Business Law Attorney in Overland Park, Kansas
Small businesses, defined by the U.S. Small Business Administration (SBA) as those companies with fewer than 500 employees, account for 99.9 percent of all businesses in the nation, at a total of 33.2 million. Many people dream of escaping the 9-to-5 and starting their own enterprise. Most never take the plunge, but many do, and the risks and rewards can be great.
For one, starting a business means taking on liability. You will no doubt need to run up debts for products or services you supply, and probably for employees, vendors, and others who help you make your idea viable. Additionally, those same employees, suppliers, and others can become a source of conflict for you if issues of employment or contract law cause disruptions.
If you’re looking to start a business, or already have done so, in or around Overland Park, Kansas, seek out strong legal guidance. Rely on the legal team at Coppaken Law Firm to help you with all issues related to your business. We have the knowledge and experience to guide you through every phase of business operations. We’ve seen it all and can analyze your situation to seek creative solutions.
Set up a consultation with us today. We proudly serve clients not only in Kansas City, Kansas, but also in Kansas City, Missouri, and throughout Johnson County and Jackson County.
Step One: Business Formation
If you’re thinking of starting a business, the format you choose can determine a lot in terms of personal liability. A sole proprietorship, for instance, might be the easiest to start, but it also opens you to unlimited liability as the sole owner. Business debts will be your personal responsibility, as will any legal actions taken against your company.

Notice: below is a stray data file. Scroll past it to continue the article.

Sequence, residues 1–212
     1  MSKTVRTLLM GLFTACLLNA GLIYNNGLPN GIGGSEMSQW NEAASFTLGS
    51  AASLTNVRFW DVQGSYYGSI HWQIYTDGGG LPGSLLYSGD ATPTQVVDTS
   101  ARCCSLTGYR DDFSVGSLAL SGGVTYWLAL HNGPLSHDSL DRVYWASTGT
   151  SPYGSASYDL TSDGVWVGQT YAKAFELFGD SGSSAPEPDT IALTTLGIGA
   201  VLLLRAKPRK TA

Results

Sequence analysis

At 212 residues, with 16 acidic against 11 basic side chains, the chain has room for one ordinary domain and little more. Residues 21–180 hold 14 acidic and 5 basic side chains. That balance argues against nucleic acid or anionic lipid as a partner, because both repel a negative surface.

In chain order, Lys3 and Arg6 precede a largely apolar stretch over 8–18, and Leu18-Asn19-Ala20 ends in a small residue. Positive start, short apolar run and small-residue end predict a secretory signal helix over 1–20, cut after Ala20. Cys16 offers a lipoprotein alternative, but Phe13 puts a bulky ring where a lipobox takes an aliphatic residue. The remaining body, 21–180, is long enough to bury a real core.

A partnership still involves liability. In a general partnership, all the partners are liable for debts and other legal obligations. In a limited partnership, the general partner assumes most of the liability, while the other partners remain mostly as investors, with some liability.
In a limited liability company, or LLC, however, the partners—who are in this case called members—have protection against their personal assets. The LLC itself is generally liable for debts and legal actions.
You can also form a corporation, which provides personal protection from liability, but the formation process, yearly recordkeeping, board meetings and the like can make a corporation a challenge to manage.
Most businesses must form agreements with other entities to keep their enterprise afloat. These entities could be suppliers of products or of services of all kinds.
These agreements, even if you just believe them to be “handshake” agreements, can rise to the level of a legal contract. In a contract, both entities involved have duties and obligations that must be met. For instance, you arrange with a manufacturer to supply you with 200 items a month to be sold, but for one month, the supplier is unable to supply the items. You could end up in a breach-of-contract dispute, and your business could suffer with no new products to sell.
Contract breaches, if not settled amicably, could end up in court. The legal fees and delays in reaching some kind of resolution can seriously threaten your business operations. At the first sign of a contract dispute, you need to seek legal evaluation and direction. Don’t let matters spiral out of control.